This week's book giveaway is in the OCMJEA forum. We're giving away four copies of OCM Java EE 6 Enterprise Architect Exam Guide and have Paul Allen & Joseph Bambara on-line! See this thread for details.
I used Hibernate for a small project a while back. While I liked the vastly decreased amount of code required over using raw JDBC, I had enough problems with it that I shelved it for the next few projects in the interest of getting them done quickly. I suspect that most of the problems I had were due to not really understanding the "what goes where and why" of Hibernate, and so now I'm giving it another go in a slightly more complex project (in which I have the luxury of taking the time to learn Hibernate principles properly).
I've got basic things running but am having an issue with lazy loading of a many-to-one association.
I have a class named Credentials that has a many-to-one association defined as follows:
The code in question performs a query for a Credentials instance (it's not being loaded by primary key, so I need the query) and then attempts to fetch the associated Member instance:
When executed, I get the following:
Line 145 is the log.info() just before the return statement.
If I uncomment the log.info() just before the commit, all is well. So I gather that Member is not being realized before it gets accessed in some way and that has to happen while the persistence context is active.
It's obviously ridiculous to use a logging statement to trigger a semantic action in the code, so what's the correct way to ensure that Member is realized before closing the session without performing some hokey operation upon it just to trigger its realization?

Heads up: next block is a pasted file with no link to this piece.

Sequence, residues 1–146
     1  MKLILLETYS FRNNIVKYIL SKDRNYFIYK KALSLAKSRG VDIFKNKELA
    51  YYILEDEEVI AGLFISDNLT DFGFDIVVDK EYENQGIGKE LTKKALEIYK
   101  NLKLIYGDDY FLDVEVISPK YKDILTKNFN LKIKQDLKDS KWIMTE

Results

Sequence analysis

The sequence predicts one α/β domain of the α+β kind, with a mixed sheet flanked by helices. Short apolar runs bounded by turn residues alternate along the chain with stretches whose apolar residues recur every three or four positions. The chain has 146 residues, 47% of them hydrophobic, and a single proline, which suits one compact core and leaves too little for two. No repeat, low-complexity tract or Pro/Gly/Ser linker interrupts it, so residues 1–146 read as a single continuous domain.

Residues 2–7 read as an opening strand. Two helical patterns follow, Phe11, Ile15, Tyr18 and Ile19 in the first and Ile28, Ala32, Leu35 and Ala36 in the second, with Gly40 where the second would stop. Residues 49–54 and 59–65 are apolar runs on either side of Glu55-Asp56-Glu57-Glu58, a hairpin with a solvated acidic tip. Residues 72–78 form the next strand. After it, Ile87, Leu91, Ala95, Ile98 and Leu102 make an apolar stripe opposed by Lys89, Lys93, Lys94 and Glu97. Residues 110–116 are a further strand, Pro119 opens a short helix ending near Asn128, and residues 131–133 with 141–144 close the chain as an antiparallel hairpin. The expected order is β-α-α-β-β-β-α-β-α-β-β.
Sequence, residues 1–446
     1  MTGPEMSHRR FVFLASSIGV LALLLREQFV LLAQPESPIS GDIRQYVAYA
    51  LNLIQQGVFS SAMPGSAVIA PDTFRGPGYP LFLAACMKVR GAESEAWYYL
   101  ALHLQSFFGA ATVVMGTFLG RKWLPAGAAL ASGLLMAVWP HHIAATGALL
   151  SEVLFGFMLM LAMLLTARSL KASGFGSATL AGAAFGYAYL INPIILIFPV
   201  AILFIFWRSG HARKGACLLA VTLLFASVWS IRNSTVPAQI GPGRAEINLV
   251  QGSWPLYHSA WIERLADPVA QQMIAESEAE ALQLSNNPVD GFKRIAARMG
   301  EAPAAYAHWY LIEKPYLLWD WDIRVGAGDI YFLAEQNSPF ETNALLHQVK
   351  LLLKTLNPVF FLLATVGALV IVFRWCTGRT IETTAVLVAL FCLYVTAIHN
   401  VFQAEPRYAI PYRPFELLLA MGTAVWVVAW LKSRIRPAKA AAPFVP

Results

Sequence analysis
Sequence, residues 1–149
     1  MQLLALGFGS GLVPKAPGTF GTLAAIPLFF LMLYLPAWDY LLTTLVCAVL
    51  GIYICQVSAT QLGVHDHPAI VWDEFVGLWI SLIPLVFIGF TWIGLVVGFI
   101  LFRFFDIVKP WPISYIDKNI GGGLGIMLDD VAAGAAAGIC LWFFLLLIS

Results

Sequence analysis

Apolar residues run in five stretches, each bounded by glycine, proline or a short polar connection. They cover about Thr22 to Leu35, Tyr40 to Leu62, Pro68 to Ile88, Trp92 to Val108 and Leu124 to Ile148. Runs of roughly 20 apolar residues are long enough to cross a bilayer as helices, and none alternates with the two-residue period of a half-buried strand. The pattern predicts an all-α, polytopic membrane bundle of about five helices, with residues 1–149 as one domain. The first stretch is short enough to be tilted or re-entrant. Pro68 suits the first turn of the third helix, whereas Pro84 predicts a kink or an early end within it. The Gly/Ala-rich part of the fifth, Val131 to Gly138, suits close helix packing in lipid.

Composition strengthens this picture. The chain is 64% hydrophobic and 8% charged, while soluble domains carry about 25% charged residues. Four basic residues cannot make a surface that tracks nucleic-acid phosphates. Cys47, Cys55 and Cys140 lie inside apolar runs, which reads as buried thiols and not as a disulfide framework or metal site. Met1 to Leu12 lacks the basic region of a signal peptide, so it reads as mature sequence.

I strongly suspect there's some Universal Hibernate Truth that I'm missing again.
Thanks for any insight. [ April 26, 2008: Message edited by: Bear Bibeault ]
So, the Credentials object comes back, and it has an association with a Member. The Member is associated in a Lazy manner, so the Member is only loaded when the Credentials object needs it.
So, in this query, a Credentials object comes back initialized, but Hibernate does you the favor of only bringing back proxies for the many possible Member instances. The proxies are placeholders that will only ever be initialized if you explicitly ask for them through the getter of the Credentials object.
Now, the problem with lazy loading is that those getters on the Credentials object will only work if they are called within the confines of the transaction that loaded the the original Credential. If the transaction is committed without a member getter ever being called on the Credential, the transactional context is closed, and your Credential object has no way of using Hibernate to get the associated Member. The Hibernate Session wipes its hands clean of the associated credentials object once the transaction is comitted - the Credential becomes a detached instance once the transaction is committed, as opposed to a persistent instance that is managed by the Hibernate Session.
This method call though:
//log.info(" member: "+ member);
Does force Hibernate to replace the proxy with a real object. The transaction is live, so the data comes back. The POJO on the JVM is now real, and that's why this little gem of code makes everything work - the PROXY is replaced by a real object, DURING a transaction, and the member POJO lives on in the JVM after the transaction is committed.
I have a little tutorial on How Hibernate Works that discusses this.
So, what you can do is mark the Credential to have a FetchType of EAGER, as opposed to LAZY. This way, all the Member objects will be loaded when the credential is loaded.
Another option is to extend the life of the transaction. Many 'simple' web applications use a single-transaction-per-cycle pattern (anti-pattern?) so the whole request-response cycle is done within a single transaction, which ends any LazyLoading problems. I think you can figure some drawbacks to that of course.